The question, then, which I desire to ask is this: What were the forces that Jesus used in this great work? And I wish you to notice, as it were by way of preface, how the historical career of Jesus makes the thought of development independent of the years. We say that the days of our years are threescore years and ten. We get to think that three score years are needed if human life is to come to its fruition. And then we are confronted with the life of Jesus, a life symmetrical, proportioned, perfect, and Jesus of Nazareth died at thirty-three. Most lives are just awaking into power then; but the life of Jesus was perfect in its fullness. Most of us would cry at thirty-three, "It is only now beginning"; but Jesus upon the cross cried, "It is finished." And the great lesson which that carries for every one of us is that we must not measure development by time. There may be years in which every talent in us is stagnant. We live in a dull and most mechanical way. Then comes an hour of call or inspiration, and our whole being deepens and expands. A crushing sorrow, a crisis, or a joy, develops manhood with wonderful rapidity, and may do the work of twelve months in a week. Let us remember, looking unto Jesus, and noting the shortness of that perfect life, that the scale of development is not the scale of years.
"Love Lifted Me"
What, then, were the great forces Jesus used in developing undeveloped life? The first was His central truth that God is love. He taught men that in heaven was a Father; that the heart that fashioned them and ruled them, also loved them; and in that vision of the love of God, men found a magnificent environment for growth. I think we all know how love develops character. I think most of us have known that in our homes. If in our childhood we were despised or hated, the most expensive schooling could not right things. A mother's love is the finest education. When a man is afraid he never shows his best. When all the faces around him are indifferent, there is no call to stir upon his talents. But when love comes, then all the depths are opened, and life becomes doubly rich and doubly painful, and every hope is quickened, and every desire enlarged, and common duties become royal services, and common words take a new depth of meaning. We all know how love develops character. That was the first power that Jesus used. He said to a repressed and fearful world, "God loves you." And if human life has been developing in Christendom into amazing and undreamed-of amplitude, it is primarily a response to that appeal.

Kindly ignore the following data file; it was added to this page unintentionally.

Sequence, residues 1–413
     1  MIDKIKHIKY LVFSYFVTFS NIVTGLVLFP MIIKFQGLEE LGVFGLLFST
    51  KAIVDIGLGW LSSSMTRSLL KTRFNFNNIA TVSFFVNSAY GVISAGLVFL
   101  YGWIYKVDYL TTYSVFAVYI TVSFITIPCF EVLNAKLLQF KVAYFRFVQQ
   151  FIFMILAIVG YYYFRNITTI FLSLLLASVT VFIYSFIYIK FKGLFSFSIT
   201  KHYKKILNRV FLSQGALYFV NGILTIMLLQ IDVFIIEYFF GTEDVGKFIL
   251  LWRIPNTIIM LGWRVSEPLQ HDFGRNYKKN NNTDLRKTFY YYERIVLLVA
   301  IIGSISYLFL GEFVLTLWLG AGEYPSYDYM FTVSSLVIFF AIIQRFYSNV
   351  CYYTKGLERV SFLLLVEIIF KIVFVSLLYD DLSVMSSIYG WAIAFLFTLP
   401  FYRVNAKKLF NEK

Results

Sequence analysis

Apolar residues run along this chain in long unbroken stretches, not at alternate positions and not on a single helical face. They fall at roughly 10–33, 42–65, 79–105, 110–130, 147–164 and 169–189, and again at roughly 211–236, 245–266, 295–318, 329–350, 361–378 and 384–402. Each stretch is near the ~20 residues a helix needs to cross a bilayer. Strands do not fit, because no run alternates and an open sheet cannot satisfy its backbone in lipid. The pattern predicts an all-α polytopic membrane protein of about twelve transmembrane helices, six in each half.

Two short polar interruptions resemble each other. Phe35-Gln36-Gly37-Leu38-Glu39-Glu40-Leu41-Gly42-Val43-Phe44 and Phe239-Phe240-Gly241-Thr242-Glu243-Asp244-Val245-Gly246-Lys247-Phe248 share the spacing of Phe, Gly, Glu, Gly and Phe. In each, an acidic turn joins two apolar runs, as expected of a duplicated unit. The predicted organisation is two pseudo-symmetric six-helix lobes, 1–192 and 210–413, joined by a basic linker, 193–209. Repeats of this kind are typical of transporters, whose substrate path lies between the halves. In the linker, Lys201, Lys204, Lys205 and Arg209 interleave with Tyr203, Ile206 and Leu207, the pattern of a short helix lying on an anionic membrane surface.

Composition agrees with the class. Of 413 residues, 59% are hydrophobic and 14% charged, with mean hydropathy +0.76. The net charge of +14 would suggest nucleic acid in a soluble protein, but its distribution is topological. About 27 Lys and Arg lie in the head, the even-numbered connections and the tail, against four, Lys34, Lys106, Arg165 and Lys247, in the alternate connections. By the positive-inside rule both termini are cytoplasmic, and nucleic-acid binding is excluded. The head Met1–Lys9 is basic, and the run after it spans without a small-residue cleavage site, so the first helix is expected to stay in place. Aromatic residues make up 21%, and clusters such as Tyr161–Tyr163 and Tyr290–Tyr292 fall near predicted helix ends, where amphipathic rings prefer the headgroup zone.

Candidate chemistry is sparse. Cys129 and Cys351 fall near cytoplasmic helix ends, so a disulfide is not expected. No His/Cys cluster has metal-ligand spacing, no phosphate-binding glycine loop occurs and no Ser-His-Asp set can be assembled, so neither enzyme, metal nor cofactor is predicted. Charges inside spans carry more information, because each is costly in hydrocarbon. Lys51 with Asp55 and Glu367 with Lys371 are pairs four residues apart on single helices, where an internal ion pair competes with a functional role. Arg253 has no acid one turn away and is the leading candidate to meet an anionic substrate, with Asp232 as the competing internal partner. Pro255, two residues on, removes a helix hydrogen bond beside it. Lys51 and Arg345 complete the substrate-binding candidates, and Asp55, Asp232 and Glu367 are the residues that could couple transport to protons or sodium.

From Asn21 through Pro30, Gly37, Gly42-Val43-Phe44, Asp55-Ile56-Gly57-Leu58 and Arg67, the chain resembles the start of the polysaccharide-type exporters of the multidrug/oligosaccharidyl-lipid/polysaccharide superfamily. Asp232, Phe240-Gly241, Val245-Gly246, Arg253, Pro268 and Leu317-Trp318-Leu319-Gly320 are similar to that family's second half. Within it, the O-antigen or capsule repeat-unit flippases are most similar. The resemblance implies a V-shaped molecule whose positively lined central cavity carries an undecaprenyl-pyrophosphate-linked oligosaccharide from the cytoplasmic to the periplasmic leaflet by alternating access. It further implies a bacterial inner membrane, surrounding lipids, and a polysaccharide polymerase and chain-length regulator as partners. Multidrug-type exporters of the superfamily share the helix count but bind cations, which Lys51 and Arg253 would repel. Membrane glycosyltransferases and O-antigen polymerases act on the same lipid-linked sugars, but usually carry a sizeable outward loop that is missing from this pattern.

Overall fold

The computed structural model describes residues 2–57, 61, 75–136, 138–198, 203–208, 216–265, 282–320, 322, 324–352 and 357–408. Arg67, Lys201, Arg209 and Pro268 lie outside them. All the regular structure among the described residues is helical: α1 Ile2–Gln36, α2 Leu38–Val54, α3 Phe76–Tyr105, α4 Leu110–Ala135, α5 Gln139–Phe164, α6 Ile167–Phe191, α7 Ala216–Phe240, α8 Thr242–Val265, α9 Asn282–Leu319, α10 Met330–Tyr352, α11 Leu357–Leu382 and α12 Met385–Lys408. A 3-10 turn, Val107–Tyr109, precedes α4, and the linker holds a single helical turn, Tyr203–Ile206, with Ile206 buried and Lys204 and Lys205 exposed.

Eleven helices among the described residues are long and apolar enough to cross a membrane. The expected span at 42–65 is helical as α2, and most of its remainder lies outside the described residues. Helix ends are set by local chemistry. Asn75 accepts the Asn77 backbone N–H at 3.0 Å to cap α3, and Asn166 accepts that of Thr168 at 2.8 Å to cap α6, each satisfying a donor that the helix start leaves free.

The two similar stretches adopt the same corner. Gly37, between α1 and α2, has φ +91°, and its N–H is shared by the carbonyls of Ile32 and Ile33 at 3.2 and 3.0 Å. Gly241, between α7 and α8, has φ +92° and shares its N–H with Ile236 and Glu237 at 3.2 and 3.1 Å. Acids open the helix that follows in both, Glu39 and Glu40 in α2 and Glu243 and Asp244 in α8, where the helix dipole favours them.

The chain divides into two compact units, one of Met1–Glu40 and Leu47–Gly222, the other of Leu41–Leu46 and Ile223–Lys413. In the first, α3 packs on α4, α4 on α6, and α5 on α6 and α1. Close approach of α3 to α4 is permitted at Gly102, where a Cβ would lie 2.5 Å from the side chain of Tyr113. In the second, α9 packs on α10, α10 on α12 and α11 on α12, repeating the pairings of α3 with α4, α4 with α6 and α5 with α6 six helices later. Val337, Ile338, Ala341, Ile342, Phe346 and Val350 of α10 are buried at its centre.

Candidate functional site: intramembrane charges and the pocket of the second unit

To Develop One Must Surrender
But there was another power that Jesus used. It was the human instinct of self-surrender. It is the glory of Jesus that He called self-surrender into the service of our self-development.
There was one religion in the ancient world that strove with all its power to make man complete. It was the beautiful religion of the Greeks, and its aim was to make life a thing of beauty. It did not fail; but it slowly passed away. It proved unequal to the terrible strain of life. And one reason of its decadence was just this, it had no place for the grandeur of self-sacrifice. Then rose the philosophy of Stoicism, and it grasped with both hands the truth of self-surrender. It said the first duty of man is to surrender, till he has steeled himself into impregnable manhood. It failed, because life insisted on expansion. It failed, as every philosophy and creed must fail, that says to the God-touched soul, "Thus far thou shalt come and no farther." It had grasped the vital need of selfsurrender, but by self-surrender it had really meant self suppression.
And then came Jesus of Nazareth, Son of God. And He said, "If thine eye offend thee, pluck it out." Surrender thy sight, if need be; but then why? That the glories of heaven may break upon thy soul. And if thou hast ten talents, give them out; and why? That thou mayst have thine own with usury. And if thou art a rich young ruler, sell all thou hast; and why? That thou mayst enter into the deeper, larger life that comes from the wholehearted following of the Lord. The Greek philosophy had said, "Develop and be happy." The Stoic had said, "Surrender and be strong." But Jesus said, "You never shall develop till you have learned the secret of surrendering." I think, then, that that was Jesus' second power in advancing the development of life. He did not only say, "Take up thy cross." There were other teachers who might have said that too. But He said, "Take up thy cross that thou mayst follow Me"; and He is life abundant and complete.
Our Life Shall Go on Developing Forever
Lastly, and this is the crowning inspiration, our Lord expanded life into eternity. Our life shall go on developing forever, under the sunshine and in the love of God. "I go to prepare a place for you," He said. The environment of heaven shall be perfect. Love is at work making things ready for us that we may ripen in the light forevermore. I know no thought more depressing than the thought that all effort is to be crushed at death. It hangs like a weight of lead upon the will, when a man would launch into some new endeavor. But if death is an incident and not an end, if every baffled striving shall be crowned, if "All I could never be, All men ignored in me," is to expand into actuality when I awake, I can renew my struggle after every failure. It is that knowledge, given us by Jesus, that has inspired the development of Christendom. I affectionately plead with you to make it yours